The University of Minnesota Board of Regents' decision to ban alcohol from campus sporting events demonstrates a lack of leadership.
Yes, the board can pat itself on the back for standing up to evil alcohol and "going dry." But the regents avoided a real discussion about the core problem. Instituting a prohibition on alcohol at the new stadium does little to deal with the problem of binge drinking and dangerous consumption.
The policy will push more students, alumni and fans to binge drink even more prior to games. Is that the type of behavior that the university prefers? Without adopting a real policy to deal with alcohol behavior, all the Board of Regents has done is turn a blind eye to the core issue and eliminated a source of income at the same time.
ANDY KAHN, RICHFIELD
I truly hope that President Bob Bruininks did not take the most recent Dinkytown riot into consideration when recommending that no alcohol be available at the new stadium.
Yes, binge drinking has become a huge problem on college campuses, but there is data tying those statistics to a drinking age of 21. John M. McCardell Jr., the former president at Middlebury College, has been at the forefront of a movement to encourage a change in the law based on those statistics as well as his own experience as a college administrator. Banning legal alcohol sales will in no way stop binge drinking.
I am curious why it would be so bad to be the only Big Ten school to make alcohol available to all who are of legal age. Perhaps Minnesota could choose to be a leader in encouraging people to make responsible choices in an equitable environment. It seems to me that binge drinking and alcohol availability at the stadium are two very separate issues. As a parent, I believe that the former should be the one the U concerns itself with, not the latter.
GINA STOCKS, EDINA
Kudos to the Minnesota regents who have voted to ban alcohol in the new on-campus football stadium!
My husband and I have had season tickets for 50 years and have been appalled at how some people act after drinking during the game.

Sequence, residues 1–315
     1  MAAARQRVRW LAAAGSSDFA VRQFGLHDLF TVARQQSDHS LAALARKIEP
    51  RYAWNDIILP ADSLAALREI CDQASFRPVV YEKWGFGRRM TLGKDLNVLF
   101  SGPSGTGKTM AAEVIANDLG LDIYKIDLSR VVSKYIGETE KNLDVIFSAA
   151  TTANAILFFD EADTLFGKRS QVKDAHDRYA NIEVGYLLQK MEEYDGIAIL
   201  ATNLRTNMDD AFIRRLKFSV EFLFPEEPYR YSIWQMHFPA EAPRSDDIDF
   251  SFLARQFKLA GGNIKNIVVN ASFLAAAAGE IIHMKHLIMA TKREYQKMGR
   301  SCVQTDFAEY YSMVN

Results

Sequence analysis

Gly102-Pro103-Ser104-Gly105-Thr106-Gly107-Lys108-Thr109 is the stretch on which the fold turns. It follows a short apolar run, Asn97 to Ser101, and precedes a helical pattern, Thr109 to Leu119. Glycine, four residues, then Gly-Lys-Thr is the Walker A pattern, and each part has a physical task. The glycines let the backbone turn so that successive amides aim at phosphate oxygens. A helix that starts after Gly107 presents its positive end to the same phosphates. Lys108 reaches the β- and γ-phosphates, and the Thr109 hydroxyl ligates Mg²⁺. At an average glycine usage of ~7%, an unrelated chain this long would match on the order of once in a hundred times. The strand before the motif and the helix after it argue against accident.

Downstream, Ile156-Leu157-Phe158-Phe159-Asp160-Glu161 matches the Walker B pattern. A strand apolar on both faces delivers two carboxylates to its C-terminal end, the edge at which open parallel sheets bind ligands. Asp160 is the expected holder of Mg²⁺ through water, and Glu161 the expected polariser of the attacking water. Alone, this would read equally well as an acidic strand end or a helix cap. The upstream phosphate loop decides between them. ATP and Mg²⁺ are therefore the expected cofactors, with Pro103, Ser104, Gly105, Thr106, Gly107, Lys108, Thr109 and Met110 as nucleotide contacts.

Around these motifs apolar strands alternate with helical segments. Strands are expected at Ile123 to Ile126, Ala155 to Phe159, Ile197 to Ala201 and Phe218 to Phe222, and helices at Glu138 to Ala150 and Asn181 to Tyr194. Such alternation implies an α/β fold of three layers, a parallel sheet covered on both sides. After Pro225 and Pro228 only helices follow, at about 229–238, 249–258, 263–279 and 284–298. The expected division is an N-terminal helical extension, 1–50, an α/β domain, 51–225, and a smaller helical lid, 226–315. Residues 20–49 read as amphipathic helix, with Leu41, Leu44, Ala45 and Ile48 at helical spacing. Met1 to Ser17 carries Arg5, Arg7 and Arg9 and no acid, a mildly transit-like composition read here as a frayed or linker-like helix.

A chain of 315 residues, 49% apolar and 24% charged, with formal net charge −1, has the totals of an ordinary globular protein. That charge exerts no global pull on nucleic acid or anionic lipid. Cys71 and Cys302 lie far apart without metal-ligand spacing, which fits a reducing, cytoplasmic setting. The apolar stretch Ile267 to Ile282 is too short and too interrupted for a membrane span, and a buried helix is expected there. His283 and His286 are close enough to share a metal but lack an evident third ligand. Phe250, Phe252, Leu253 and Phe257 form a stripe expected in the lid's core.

I'm so tired of this behavior, and it will be wonderful to not have to put up with this in the new stadium. Add to this the scary fact that some of these people drive home!
With all the loved ones who have been killed or maimed by drunken drivers and the lives ruined by alcohol, it is sad to think that there are some people who think they cannot, or will not, come to football games without being able to drink while there. It just boggles the mind that alcohol drinking is so important to some people that they might even reconsider buying the box seats in the stadium.
I admire and respect the regents, Athletic Director Joel Maturi and President Bob Bruininks.
JAN BOMSTAD, PLYMOUTH
I feel reader interest in CEO Pay Watch would be more riveting if the Star Tribune added an adjacent Mailroom Personnel Pay Watch for the same company: $7-an-hour, no health insurance. You know, that kind of stuff.
DOUG MEHRKENS, MINNEAPOLIS
Debra J. Saunders leaves out crucial facts about the firing of Gerald Walpin ("Obama says 'you're fired,'" June 24).
While it is true that Walpin found evidence of misuse and waste of AmeriCorps funds by St. HOPE Academy, it is also true that the President George W. Bush-appointee Walpin went well beyond his official mandate last year by publicizing supposed "criminal" wrongdoing by Kevin Johnson in the days before the Sacramento mayoral election. That case against Johnson was concluded last April, months before Walpin was fired.
Moreover, the U.S. attorney in northern California, Lawrence Brown -- also a Republican appointed by Bush -- received Walpin's findings and filed a complaint against him for an overzealous assault on Johnson and St. HOPE, claiming that Walpin had failed to provide substantive exculpatory facts to the U.S. attorney while trying to push the government into opening a criminal probe of Johnson.
According to Brown, Walpin had sought publicity for his findings against Johnson in the media before discussing them with the U.S. Attorney's Office, "hindering our investigation and handling of this matter."
It seems to me President Obama had good reason to fire him.
JOYCE DENN, WOODBURY
The hypocrisy of the Republican Party is staggering! Family values? I don't think so.
Nevada Sen. John Ensign, and now South Carolina Mark Sanford, admit extramarital affairs. And how many wives has Newt Gingrich had? They need to work on their own marriages and stay out of everyone else's lives.
PAULA GIBBONS, ROBBINSDALE
The Opinion section is produced by the Editorial Department to foster discussion about key issues. The Editorial Board represents the institutional voice of the Star Tribune and operates independently of the newsroom.